The Argentine Team of Psychosocial Work and Research (Equipo Argentino de Trabajo e Investigación Psicosocial - EATIP) was formed as a mental health and human rights center in the context of State terrorism during the military dictatorship in Argentina. EATIP continued working once a constitutional government was back in power, and developed clinical experience that has always been founded on the team members’ commitment toward the advancement of human rights. Since then, the political situation has changed, but the structural causes of poverty, social inequity and repressive policies and impunity still prevail and result in new human rights violations. What will then be the role of the centers regarding the right to rehabilitation?
The clinical and psychosocial rehabilitation work carried out by EATIP is based on the victims’ trust and requires institutional policies that are independent from any government administration in power. Ever since the Mothers of Plaza de Mayo set the example of gathering and organizing during the last dictatorship, assembling became a modality that prevails among people affected by different forms of political repression or social trauma in order to defend and support their claims. We call these groups Witnessing Collectives, and the clinical approach we have developed includes permanent support to these groups, as a form of therapeutic relationship we consider we need to build, and as a required framework for effective therapeutic strategies.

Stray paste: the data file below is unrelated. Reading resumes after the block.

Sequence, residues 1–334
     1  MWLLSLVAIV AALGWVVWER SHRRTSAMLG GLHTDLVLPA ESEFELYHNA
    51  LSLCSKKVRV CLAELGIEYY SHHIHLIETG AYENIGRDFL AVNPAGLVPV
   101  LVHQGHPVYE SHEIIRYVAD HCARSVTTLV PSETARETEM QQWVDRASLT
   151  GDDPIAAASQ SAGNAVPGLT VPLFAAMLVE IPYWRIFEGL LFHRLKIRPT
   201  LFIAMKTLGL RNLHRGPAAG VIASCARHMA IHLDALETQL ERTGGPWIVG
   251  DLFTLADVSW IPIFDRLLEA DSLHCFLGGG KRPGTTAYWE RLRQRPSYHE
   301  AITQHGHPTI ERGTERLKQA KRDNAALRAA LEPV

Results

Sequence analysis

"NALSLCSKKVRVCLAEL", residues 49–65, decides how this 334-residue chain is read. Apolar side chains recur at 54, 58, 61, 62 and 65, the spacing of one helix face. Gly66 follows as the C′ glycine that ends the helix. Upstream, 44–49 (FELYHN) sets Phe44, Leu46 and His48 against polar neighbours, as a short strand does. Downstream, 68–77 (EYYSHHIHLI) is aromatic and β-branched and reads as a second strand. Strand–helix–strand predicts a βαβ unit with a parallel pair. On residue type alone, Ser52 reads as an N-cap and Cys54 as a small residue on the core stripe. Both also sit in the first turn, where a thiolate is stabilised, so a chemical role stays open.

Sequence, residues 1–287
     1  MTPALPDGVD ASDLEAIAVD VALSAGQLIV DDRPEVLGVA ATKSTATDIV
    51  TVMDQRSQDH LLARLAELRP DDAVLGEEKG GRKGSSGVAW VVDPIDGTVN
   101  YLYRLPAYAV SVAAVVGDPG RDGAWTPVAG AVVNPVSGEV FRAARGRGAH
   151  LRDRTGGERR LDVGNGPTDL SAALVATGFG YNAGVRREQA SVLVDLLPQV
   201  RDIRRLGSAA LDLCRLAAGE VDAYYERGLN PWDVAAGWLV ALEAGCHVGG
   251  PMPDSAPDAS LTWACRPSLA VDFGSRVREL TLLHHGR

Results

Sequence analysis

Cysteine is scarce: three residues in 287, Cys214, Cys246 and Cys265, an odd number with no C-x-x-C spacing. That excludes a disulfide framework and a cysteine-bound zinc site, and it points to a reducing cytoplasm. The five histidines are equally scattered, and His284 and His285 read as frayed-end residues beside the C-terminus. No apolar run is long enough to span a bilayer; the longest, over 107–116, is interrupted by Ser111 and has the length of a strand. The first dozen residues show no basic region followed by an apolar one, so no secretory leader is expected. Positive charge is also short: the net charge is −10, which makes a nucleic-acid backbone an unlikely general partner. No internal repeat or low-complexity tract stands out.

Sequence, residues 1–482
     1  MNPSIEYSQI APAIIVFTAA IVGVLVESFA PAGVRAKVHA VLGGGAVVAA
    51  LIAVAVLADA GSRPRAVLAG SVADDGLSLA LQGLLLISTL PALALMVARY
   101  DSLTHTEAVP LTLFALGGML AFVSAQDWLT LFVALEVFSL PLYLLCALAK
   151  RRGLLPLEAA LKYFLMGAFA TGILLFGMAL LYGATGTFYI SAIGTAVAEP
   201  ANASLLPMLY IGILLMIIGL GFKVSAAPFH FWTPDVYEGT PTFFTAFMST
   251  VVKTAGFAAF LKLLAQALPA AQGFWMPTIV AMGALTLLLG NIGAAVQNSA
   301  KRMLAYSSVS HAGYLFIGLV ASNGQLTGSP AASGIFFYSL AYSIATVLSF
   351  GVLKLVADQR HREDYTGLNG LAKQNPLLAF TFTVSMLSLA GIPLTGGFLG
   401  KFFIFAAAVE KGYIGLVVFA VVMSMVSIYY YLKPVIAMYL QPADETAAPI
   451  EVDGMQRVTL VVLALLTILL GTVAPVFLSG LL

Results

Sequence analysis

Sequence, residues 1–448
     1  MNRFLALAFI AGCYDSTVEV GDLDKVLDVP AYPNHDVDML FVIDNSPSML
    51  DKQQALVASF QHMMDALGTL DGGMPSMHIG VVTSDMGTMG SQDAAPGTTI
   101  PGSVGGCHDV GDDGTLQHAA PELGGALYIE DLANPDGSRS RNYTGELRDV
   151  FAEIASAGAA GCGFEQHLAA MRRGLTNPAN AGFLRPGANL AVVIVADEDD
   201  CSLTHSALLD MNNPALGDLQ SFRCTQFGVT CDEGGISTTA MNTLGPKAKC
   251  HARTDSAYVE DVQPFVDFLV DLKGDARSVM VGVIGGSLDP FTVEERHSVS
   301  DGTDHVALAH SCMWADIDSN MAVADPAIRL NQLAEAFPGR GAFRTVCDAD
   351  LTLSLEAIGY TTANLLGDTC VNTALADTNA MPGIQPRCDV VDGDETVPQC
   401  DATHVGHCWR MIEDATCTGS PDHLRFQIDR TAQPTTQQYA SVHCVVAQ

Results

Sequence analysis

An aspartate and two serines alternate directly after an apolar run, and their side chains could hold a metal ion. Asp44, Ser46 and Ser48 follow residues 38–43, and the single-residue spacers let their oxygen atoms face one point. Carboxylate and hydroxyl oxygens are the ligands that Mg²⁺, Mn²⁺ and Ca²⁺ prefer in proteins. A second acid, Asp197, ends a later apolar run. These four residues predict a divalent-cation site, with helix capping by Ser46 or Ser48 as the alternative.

Over the years, government actions from different administrations have been more in the form of statements, rather than effective State policies. Since the recovery of a constitutional government, the challenge has been how to apply the experience accumulated in civil society organizations to public rehabilitation and prevention policies. We intend to encourage discussion to achieve the sustainability of the centers as well as to advocate for the inclusion of guidelines to State policies that grant access and assistance to all affected.
EATIP has vast experience in providing psychological and psychosocial support to people affected by State terrorism and other human rights violations occurred both during the last military dictatorship and after the constitutional order was restored, in 1983. The subsequent administrations have only taken emerging actions in terms of rehabilitation, more formally than in actuality, and such actions have been interrupted with the arrival of the following administration.
Today, institutional independence from any administration in power has become relevant in order to respond to the contextual needs of the victims. The centers are faced with the challenge of attaining independence and sustainability, while being able to advocate for effective State policies for prevention and access to rehabilitation and justice.
The question is: Can we continue providing clinical and psychosocial support and leave a conceptual and technical expertise legacy?
Funding & No Conflicts Declaration
There is no conflict of interests to declare.